Building the Main Observatory

In September 1982, we were ready to begin construction. Ian got a carpenter friend, Bernie, to supervise, and the help was most welcome. By the end of the first weekend, the walls and most of the roof were constructed. Over the next few years, paint jobs and various other upgrades were made to the building.


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Bernie, in white t-shirt, directs club members how to construct the east wall. Ian Cooper, in the background nails a sheet of T1-11 siding to the frame.


And here's how we propped it up. It took about 10 of us to lift this wall.



Ian Cooper and Denny Jefferson prepare the alumining siding that will be put on the 4 corners of the building.


Denny Jefferson takes a break on the pier. Dan Rehner and Skip Westphal also take a breather from the heat.


In 1983, Dan Rothstein and Bob Petti install one of the flaps on the south part of the building


The entire tube needed flat-black painting on the inside. Earl couldn't fit inside, so we volunteered a smaller-sized member for the job.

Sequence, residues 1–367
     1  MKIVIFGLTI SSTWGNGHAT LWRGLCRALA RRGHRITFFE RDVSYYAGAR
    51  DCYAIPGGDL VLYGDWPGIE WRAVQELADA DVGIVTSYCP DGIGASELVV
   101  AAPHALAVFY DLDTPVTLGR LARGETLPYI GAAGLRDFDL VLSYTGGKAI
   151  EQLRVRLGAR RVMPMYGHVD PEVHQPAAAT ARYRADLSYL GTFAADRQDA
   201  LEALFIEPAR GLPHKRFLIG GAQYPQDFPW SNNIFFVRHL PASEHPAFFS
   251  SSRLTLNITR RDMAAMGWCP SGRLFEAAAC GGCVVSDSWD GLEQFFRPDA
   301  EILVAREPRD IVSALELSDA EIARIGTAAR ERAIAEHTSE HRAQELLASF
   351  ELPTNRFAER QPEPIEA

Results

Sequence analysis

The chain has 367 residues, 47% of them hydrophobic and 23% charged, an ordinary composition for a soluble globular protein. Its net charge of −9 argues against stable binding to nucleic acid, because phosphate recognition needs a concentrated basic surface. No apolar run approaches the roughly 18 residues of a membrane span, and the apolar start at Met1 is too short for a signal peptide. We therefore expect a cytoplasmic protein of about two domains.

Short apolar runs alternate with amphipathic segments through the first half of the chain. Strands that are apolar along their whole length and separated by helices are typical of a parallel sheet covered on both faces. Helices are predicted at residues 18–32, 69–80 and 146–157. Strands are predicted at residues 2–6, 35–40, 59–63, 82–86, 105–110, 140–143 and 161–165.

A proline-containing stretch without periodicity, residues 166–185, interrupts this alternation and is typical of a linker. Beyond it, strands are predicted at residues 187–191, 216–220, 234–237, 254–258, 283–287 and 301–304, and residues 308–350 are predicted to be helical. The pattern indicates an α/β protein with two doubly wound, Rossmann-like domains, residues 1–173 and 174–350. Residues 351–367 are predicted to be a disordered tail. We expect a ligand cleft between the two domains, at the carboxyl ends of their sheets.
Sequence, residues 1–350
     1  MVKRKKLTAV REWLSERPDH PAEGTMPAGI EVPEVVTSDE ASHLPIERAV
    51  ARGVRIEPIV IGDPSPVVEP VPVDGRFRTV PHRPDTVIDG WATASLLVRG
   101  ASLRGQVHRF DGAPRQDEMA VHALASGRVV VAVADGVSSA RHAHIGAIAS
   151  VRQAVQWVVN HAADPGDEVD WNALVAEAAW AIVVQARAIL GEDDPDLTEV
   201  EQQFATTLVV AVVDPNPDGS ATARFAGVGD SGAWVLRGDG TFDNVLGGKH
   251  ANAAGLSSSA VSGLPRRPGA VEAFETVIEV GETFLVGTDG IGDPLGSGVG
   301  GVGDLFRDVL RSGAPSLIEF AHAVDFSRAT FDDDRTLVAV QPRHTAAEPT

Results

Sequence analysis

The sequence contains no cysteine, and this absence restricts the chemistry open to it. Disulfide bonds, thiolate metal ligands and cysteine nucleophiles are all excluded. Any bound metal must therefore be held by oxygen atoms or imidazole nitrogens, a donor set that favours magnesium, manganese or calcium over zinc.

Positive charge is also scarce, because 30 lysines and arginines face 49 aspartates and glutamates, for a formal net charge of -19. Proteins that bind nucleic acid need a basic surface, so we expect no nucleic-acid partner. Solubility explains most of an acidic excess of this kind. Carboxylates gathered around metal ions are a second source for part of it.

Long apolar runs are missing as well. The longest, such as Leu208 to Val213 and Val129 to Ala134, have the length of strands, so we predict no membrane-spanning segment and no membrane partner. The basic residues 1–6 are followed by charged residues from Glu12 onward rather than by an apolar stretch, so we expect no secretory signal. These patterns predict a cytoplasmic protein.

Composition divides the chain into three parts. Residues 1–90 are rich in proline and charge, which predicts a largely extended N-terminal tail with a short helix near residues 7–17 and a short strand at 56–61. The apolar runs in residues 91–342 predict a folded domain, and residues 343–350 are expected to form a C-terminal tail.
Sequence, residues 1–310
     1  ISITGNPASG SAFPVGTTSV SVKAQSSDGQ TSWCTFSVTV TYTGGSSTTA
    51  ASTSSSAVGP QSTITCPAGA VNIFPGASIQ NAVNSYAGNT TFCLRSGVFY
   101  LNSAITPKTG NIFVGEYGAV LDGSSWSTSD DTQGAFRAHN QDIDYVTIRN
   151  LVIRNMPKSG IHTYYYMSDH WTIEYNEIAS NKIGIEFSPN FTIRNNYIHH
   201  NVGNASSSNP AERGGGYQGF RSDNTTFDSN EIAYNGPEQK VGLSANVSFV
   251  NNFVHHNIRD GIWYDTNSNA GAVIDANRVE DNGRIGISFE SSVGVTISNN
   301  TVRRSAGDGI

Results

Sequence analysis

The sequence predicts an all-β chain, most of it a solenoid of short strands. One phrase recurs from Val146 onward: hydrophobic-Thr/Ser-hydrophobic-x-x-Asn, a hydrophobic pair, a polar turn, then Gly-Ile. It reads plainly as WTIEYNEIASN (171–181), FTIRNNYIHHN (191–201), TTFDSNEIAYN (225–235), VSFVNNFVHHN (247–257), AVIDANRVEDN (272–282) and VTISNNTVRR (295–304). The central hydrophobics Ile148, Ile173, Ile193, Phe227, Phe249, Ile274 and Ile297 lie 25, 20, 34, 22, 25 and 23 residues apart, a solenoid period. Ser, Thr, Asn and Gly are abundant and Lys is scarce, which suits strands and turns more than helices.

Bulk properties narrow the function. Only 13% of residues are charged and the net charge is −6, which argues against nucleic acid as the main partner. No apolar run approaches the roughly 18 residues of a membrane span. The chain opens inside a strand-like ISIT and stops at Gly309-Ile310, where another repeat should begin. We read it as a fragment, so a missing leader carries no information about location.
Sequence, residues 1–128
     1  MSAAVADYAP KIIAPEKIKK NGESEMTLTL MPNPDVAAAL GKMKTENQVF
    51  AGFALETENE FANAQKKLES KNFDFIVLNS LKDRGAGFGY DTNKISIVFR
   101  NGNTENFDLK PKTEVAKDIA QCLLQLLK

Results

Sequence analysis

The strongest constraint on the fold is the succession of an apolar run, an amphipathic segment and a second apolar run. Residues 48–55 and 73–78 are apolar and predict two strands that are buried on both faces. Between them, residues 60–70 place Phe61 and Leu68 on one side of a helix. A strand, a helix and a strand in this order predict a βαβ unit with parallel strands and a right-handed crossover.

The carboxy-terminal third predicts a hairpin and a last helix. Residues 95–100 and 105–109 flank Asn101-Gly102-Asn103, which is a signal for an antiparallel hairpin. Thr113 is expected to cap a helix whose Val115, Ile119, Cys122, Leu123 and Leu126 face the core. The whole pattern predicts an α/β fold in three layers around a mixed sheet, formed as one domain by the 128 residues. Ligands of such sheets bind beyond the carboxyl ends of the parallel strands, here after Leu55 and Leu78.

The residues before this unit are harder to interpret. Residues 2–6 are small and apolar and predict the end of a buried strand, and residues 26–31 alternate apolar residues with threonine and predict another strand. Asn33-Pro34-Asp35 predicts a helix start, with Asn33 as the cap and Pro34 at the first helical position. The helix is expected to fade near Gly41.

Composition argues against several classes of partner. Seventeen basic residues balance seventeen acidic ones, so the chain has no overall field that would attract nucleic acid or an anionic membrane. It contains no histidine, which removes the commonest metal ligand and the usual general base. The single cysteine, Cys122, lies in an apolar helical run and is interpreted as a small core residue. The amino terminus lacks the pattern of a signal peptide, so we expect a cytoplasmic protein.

Denny hoists the 80 pound mirror and its holding cell up to the back of the scope.


Don Himes upgrades the roll-off roof mechanism in 1988.



The east wall ready to go up.


The west wall getting ready to be hoisted. The observatory pier appears in the foreground. The frame that separates the obervatory from the warm-up room is behind the pier.


The roof over the warm-up room is put in place.


A couple of weeks after initial construction. The roof over the observing room is a roll-off style. A rail runs the entire length of the building. This roof rolls over the roof of the warm up room.


Earl Paullin paints the inside of the tube. We're getting ready to install it in the observatory for our 1983 summer convention to dedicate the telescope and observatory.


Denny Jefferson cleans the 16 inch mirror, while Ed Winslow (left) and Doug Caprette (right) watch.


Chris Caprette walks out of the observing room. The telescope is ready for use.


A much needed paint job in 1987.